Phase One, Week One, Prayer experience 1: An invitation to prayer.

A. Use the following passage from Isaiah 55 to pray. Slowly read through the passage once. Then ask for the grace that God might give you a spirit of generosity over the coming weeks. In the words of the Isaiah ask that you might come to the water.
If you are not Christian or Jewish, then read the passage the way you would read good poetry. Pray if you feel moved to pray.

Isaiah 55
All you who are thirsty,*
come to the water!
You who have no money,
come, buy grain and eat;
Come, buy grain without money,
wine and milk without cost!a
2Why spend your money for what is not bread;
your wages for what does not satisfy?
Only listen to me, and you shall eat well,
you shall delight in rich fare.
3Pay attention and come to me;
listen, that you may have life.
I will make with you an everlasting covenant,
the steadfast loyalty promised to David.b
4As I made him a witness to peoples,
a leader and commander of peoples,
5So shall you summon a nation you knew not,
and a nation* that knew you not shall run to you,
Because of the LORD, your God,
the Holy One of Israel, who has glorified you.c
6* Seek the LORD while he may be found,
call upon him while he is near.
7Let the wicked forsake their way,
and sinners their thoughts;
Let them turn to the LORD to find mercy;
to our God, who is generous in forgiving.
8For my thoughts are not your thoughts,
nor are your ways my ways—oracle of the LORD.
9For as the heavens are higher than the earth,
so are my ways higher than your ways,
my thoughts higher than your thoughts.
10* Yet just as from the heavens
the rain and snow come down
And do not return there
till they have watered the earth,
making it fertile and fruitful,
Giving seed to the one who sows
and bread to the one who eats,
11So shall my word be
that goes forth from my mouth;
It shall not return to me empty,
but shall do what pleases me,
achieving the end for which I sent it.
12Yes, in joy you shall go forth,
in peace you shall be brought home;
Mountains and hills shall break out in song before you,
all trees of the field shall clap their hands.
13In place of the thornbush, the cypress shall grow,
instead of nettles,* the myrtle.
This shall be to the LORD’s renown,
as an everlasting sign that shall not fail.

* [55:1–3] The prophet invites all to return, under the figure of a banquet; cf. the covenant banquet in Ex 24:9–11 and wisdom’s banquet in Prv 9:1–6. The Lord’s covenant with David (2 Sm 7) is now to be extended beyond his dynasty.
* [55:5] The “nation” is Persia under Cyrus, but the perspective is worldwide.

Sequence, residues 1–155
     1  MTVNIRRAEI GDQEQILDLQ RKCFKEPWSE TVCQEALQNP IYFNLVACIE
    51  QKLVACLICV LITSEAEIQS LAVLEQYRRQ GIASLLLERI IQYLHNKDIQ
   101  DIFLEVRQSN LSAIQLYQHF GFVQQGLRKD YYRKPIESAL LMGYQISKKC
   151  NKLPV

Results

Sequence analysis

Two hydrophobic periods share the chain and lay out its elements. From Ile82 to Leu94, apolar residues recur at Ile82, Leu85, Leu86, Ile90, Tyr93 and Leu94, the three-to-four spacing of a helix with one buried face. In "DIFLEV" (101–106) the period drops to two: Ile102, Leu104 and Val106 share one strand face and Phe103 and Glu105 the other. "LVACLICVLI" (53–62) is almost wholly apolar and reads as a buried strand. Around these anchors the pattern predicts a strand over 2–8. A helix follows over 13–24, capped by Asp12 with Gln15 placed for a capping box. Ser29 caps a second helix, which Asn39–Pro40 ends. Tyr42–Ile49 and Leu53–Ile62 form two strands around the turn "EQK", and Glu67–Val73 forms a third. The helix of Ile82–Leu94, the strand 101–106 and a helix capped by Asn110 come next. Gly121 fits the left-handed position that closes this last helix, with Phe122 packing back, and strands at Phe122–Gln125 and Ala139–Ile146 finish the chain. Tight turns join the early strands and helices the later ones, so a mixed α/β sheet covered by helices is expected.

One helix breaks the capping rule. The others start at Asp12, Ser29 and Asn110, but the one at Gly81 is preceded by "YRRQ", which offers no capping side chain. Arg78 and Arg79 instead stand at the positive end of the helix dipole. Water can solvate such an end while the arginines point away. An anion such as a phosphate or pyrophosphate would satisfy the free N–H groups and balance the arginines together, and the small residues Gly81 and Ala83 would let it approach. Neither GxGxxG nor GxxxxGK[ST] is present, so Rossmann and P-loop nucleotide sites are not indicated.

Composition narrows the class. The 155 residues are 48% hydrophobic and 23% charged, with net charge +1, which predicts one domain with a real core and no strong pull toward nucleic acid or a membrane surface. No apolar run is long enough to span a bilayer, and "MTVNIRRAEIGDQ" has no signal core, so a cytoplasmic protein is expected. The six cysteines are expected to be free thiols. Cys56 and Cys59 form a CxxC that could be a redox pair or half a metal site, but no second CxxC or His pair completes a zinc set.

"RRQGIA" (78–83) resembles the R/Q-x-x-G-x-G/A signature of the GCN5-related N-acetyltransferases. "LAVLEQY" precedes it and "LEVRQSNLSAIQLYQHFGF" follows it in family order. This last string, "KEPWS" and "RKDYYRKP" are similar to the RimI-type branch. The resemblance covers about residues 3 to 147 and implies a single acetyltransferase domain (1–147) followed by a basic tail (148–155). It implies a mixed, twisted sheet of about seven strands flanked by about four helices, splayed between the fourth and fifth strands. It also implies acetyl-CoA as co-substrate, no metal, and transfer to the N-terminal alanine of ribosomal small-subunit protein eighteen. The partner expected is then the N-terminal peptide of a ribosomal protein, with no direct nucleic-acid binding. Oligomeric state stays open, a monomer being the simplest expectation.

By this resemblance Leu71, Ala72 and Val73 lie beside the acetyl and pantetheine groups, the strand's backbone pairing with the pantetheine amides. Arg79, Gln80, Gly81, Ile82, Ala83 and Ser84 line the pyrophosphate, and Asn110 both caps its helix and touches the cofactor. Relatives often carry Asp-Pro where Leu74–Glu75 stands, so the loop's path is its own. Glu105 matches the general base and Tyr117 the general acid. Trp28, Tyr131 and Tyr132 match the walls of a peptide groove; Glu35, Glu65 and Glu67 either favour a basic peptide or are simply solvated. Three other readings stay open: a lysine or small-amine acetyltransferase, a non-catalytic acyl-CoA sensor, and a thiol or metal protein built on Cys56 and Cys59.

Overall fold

* [55:6–9] The invitation to seek the Lord is motivated by the mercy of a God whose “ways” are completely mysterious.
* [55:10–11] The efficacy of the word of God recalls 40:5, 8.
* [55:13] Thornbush…nettles: suggestive of the desert and therefore symbolic of suffering and hardship; cypress…myrtle: suggestive of fertile land and therefore symbolic of joy and strength. To the LORD’s renown: lit., “to the name of the Lord.”
a. [55:1] Jn 4:10–15; 6:35; 7:37–39; Rev 21:6; 22:17.
b. [55:3] 2 Sm 7:12–16.
c. [55:5] Acts 13:34.

B. Read the passage again. This time stop when your mind has an image from the passage. Perhaps you stop at water. In your mind and heart, you can imagine running water. It is water your soul longs for. It nourishes your heart. Perhaps another image occurs to you.
C. Read the passage one more time. Maybe this time, you read it aloud. Then just sit back and let your mind wander. What happens in your mind and heart? Ask yourself: what is my heart’s most authentic desire?
D. Now take a notebook and write down what happened. Use your notes to talk with your spiritual director, your friend or to your fellowship group.
E. Once again ask God for a spirit of generosity. Then, choose a favorite prayer of yours to close the prayer period. It could be the Our Father or any other prayer. Choose a prayer from your tradition that has a lot o f meaning for you.
F. Meet with your spiritual director, fellowship group, or trusted friend.

May God’s peace be yours! I am praying for all of you. Please pray for me. This is the healthiest way to begin our Olympic effort.

Tuesday, October 18, 2011

The Essential Quality of Moral Self-evidence in our Labor for Progress

In the Declaration of Independence, Thomas Jefferson wrote "We hold these truths to be self-evident: that all (people) are created equal, that they are endowed by their creator with certain unalienable rights, that among these rights are life, liberty, and the pursuit of happiness."